Professional is sports is an eternal childhood. Not that athletes act like children, but they get paid a lot of money to play a children’s game. It’s inspiring, whimsical, and, yes, at times madening. Why should these games matter so much?

I suppose sports fans all have different answers to that question. However, legendary pitchers Don Larsen and Jim Palmer may have figured out an answer. And it has very little to do with baseball.

Both of these men are auctioning off some of their infamous memorabilia. Larsen is selling the jersey he wore when he pitched a perfect game in the 1956 World Series. Palmer is selling his three CY Young awards and two of his Gold Glove trophies.

Are they doing this because they are in dire straits? Nope. Palmer is donating some of the profits to an autism charity and the rest will help go to pay for his grandchildren’s education. Larsen’s earnings will go to pay for the education of his grandchildren, as well.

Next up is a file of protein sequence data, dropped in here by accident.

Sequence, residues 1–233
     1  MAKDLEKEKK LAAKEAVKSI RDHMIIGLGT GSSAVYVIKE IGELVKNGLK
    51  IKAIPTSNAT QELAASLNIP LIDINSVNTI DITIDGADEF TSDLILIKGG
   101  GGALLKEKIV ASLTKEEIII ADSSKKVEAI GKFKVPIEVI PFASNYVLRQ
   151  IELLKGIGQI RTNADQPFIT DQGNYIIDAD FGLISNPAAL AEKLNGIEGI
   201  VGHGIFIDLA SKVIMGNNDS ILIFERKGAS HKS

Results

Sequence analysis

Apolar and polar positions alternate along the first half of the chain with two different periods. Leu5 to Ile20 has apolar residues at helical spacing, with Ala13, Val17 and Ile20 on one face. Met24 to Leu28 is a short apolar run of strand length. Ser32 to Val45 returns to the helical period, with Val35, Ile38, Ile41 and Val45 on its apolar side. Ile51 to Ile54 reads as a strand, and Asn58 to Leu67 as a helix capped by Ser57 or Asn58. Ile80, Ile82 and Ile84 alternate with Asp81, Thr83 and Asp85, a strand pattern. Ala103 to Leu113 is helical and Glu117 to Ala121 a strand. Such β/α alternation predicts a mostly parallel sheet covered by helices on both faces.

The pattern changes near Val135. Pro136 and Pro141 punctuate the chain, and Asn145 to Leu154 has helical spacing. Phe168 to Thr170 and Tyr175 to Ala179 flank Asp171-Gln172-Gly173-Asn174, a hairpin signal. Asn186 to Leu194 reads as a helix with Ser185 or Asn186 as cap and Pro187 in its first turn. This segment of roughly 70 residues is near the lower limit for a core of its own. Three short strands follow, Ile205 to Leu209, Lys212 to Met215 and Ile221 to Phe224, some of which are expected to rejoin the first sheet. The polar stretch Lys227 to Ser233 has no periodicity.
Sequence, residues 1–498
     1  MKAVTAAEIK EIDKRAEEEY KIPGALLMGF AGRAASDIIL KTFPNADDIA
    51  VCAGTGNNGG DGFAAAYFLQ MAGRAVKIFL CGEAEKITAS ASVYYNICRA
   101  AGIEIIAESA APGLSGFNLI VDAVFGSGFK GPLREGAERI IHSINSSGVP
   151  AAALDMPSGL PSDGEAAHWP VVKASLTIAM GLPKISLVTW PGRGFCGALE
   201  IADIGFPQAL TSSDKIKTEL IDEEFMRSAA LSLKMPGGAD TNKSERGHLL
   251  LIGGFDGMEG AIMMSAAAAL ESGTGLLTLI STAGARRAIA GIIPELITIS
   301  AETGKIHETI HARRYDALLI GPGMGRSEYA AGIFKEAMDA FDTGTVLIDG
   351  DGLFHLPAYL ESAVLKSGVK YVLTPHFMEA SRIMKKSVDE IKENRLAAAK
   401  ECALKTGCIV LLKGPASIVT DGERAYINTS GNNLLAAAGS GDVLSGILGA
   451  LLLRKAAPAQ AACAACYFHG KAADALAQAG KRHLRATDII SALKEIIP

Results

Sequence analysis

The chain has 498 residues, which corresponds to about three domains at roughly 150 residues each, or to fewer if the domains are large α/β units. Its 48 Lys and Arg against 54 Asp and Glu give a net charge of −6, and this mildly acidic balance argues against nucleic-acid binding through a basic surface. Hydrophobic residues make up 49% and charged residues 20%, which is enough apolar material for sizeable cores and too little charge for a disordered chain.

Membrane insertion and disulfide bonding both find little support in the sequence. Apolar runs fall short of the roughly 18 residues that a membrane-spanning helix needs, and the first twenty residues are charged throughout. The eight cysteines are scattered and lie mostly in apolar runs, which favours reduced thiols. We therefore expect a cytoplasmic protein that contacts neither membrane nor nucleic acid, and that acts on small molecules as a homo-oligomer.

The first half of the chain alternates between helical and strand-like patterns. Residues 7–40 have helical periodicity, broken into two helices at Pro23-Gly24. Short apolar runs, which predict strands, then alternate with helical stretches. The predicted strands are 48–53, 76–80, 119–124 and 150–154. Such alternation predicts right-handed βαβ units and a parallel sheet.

Fans and the media put athletes in to a time warp when the enter the pros. We forget that players have families outside of their team. We don’t expect change (other than their stats) from the time they enter to the time they retire. They get married, have kids, and build personal lives, just like the rest of us. (Only with a lot more money.)

This auction reminds me of a commencement speech given by one of my favorite teachers in high school. He recalled a scene from the movie Raging Bull where boxer Jake LaMotta is hard up for cash and decides to sell his championship belt. However, he hammers off all of the jewels because that is what he believes is really valuable. However, the belt is then rendered worthless and the pawn shop broker tells him so. LaMotta is crushed. My teacher reminded us to, “Never settle for jewels in handkerchief.”

Larsen and Palmer seem to have heeded my teachers advice. They’ve realized that their stuff is really just old cotton and oddly shaped wall decorations. They know the answer to what matters with these games. The things that come after.

By the way, if you’re in the market for some baseball hardware, expect to shell out some big bucks. Palmer’s Gold Gloves could get about $15,000 and the CY Young’s about $80,000. Larsen’s jersey could cost you a cool two million. Now, those are some adult numbers.